"I don't see a war between the rich and the poor. Everyone got something, but who got the most? The fact is that more poor people came out on top. I think some people don't like it when they find themselves seated next to a housekeeper or a secretary on a plane."
-- Dilma Rousseff on July 28 during a debate at Folha de S. Paulo
This sentence reminded me of a poignant episode I experienced three years ago on a flight back from a vacation in Rio Grande do Norte. I'm not much of a talker on planes, but halfway through the flight I found myself sharing some laughs over a TV show with the woman next to me. The laughter brought us together, unleashing a conversation that lasted the remainder of the trip.
The woman, in her 60s, said this was her first plane trip and the first time, after many decades living and working in São Paulo, that she had gone back to visit her family in Currais Novos, a small town in Rio Grande do Norte, a small state in the northeast of Brazil.
Recently retired from a job as a housekeeper, what impressed her most in that small town was the enthusiasm she felt: "There's a party every night, nobody sleeps," she said, smiling from ear to ear.
She told me she lived with her son and daughter, who were both in their 20s, college graduates and financially independent (facts she was very proud of), in a small but comfortable home in the greater São Paulo. She busied herself with odd sewing jobs, but nothing very serious. "I do this because I like being busy," she said.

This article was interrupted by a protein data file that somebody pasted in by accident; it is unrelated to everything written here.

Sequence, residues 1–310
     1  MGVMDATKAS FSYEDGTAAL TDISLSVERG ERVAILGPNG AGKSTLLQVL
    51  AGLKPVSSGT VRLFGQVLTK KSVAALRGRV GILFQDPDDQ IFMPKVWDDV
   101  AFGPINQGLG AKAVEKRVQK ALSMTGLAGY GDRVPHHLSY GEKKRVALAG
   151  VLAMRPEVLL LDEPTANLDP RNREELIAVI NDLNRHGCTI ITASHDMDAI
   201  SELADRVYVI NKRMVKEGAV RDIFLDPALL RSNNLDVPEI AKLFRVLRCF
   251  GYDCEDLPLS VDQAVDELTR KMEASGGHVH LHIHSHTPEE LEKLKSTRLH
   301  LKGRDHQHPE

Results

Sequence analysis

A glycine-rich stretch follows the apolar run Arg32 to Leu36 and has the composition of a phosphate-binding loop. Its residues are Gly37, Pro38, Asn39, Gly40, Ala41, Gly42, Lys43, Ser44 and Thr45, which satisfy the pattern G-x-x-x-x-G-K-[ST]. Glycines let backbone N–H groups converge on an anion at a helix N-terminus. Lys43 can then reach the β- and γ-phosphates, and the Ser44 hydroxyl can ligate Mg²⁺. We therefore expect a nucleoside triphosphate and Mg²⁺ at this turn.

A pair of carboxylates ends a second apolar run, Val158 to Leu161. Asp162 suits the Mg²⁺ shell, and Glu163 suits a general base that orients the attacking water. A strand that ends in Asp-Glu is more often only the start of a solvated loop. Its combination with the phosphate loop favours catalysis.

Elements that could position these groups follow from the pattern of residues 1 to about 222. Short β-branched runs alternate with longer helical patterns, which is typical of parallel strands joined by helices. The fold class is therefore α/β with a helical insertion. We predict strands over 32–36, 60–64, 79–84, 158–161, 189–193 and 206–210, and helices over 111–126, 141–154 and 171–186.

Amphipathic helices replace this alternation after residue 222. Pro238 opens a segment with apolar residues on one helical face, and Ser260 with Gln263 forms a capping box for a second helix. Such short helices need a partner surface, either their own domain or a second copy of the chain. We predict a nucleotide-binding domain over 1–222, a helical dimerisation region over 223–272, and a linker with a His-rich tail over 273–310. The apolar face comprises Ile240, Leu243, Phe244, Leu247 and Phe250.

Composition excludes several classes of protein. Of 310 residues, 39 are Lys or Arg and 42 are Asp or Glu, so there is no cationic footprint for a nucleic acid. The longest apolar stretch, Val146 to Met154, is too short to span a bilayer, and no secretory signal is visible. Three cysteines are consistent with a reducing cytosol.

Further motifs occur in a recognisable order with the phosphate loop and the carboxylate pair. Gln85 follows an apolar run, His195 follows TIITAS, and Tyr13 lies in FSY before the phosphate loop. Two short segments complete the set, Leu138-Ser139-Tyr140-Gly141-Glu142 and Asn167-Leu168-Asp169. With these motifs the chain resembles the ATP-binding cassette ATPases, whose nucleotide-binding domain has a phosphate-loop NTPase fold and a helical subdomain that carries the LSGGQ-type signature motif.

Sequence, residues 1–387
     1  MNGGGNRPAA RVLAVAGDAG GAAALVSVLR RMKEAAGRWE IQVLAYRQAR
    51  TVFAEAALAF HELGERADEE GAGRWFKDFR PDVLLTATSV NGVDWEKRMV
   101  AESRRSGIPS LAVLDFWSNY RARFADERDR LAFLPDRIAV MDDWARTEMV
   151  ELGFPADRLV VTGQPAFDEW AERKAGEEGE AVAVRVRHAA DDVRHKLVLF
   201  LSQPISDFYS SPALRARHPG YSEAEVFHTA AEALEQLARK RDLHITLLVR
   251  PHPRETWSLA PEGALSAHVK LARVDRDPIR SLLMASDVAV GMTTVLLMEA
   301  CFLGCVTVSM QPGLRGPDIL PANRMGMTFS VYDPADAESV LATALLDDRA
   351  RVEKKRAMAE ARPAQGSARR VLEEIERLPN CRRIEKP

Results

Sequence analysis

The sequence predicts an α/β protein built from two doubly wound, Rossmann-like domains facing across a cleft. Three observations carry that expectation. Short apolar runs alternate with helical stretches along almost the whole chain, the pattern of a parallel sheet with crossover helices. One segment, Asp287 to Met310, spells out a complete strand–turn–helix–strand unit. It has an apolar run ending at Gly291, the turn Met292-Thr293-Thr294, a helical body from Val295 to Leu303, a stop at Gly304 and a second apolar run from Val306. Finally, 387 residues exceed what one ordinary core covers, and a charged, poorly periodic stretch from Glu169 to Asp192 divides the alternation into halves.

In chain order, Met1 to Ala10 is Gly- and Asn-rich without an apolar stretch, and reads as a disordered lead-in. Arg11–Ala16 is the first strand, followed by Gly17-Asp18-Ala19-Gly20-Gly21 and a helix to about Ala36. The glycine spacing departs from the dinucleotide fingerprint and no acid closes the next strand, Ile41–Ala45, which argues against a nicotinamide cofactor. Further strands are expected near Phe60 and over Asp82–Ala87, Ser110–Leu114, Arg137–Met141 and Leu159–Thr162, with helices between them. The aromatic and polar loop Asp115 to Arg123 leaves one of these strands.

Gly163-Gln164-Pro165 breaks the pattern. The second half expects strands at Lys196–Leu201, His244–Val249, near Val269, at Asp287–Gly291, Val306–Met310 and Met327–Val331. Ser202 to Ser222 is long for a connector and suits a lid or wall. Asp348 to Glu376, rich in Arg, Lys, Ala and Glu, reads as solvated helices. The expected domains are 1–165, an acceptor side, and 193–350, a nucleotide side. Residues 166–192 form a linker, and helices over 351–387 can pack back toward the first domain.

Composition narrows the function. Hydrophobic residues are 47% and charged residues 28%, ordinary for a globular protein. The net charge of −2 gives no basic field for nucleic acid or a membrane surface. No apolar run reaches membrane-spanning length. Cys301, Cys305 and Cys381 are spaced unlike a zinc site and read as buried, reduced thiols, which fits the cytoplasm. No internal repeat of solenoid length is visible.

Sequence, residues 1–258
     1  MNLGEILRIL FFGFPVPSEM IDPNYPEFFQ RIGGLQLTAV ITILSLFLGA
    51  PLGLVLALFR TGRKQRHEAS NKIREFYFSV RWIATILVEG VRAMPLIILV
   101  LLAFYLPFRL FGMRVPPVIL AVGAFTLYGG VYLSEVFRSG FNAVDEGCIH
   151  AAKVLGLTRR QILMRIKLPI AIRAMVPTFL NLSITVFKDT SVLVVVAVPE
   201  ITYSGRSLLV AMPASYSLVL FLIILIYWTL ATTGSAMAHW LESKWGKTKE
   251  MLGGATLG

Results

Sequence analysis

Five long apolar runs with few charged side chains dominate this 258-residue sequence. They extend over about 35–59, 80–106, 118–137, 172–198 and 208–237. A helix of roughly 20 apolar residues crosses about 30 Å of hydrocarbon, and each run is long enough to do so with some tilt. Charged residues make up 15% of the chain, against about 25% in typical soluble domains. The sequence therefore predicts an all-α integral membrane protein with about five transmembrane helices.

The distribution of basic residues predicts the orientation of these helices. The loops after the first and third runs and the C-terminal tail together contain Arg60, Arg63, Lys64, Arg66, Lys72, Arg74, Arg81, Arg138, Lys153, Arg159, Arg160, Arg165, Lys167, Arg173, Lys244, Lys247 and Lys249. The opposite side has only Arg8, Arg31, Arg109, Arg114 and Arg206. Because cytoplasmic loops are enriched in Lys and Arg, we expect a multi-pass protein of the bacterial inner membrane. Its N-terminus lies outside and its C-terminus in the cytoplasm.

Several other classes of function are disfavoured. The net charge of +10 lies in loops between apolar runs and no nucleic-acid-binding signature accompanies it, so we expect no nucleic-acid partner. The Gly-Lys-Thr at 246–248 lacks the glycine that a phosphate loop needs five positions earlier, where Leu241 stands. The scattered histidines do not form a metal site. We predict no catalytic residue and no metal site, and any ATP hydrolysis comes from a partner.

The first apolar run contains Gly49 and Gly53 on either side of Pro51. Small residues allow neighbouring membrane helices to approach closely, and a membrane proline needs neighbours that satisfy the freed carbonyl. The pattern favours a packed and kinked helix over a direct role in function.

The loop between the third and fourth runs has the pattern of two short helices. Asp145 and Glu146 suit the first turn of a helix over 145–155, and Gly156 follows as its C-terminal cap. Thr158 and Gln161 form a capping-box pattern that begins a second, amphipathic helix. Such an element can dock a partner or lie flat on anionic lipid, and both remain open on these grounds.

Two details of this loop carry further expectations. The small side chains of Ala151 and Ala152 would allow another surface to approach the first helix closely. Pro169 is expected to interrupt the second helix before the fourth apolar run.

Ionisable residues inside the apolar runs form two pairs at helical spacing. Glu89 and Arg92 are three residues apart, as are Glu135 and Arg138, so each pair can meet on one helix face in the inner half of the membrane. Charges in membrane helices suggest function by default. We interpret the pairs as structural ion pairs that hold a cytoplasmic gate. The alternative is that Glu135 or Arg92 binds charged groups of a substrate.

The conversation kept flowing as easily as if we had known each other for a long time, when suddenly I understood why. That simple yet wise woman, who despite all of the daily hardships, was happy with life and herself. She reminded me of Maria da Gloria, who worked as a housekeeper for my family for many decades.
Maria came to our home shortly after I was born in 1967. There, she settled among an upper middle class family: the father, a lawyer; the mother, a homemaker; and four children, two boys and two girls. At the beginning, we lived in a townhouse in Pinheiros, later in an apartment in Jardins, an upscale neighborhood in São Paulo.
When Maria arrived, Mia, the cook, had already been working with my family since my mother was 15. And, although they were completely different from one another, both became a central part of the family.
It was with Maria, not my mother, whom I liked to study. She was very fast, and all I wanted was to get it over with quickly to go play, listen to music, or read. I would go to her room, sit on her bed, hand her my notebook and, in a matter of minutes, she reviewed the multiplication tables and checked my knowledge of history, Portuguese, or geography. It was all about memorizing things, so I always answered without missing a beat. Thanks to Maria's help, I always got good grades and never needed summer school (except as a teenager, during an existential crisis when Maria wasn't around).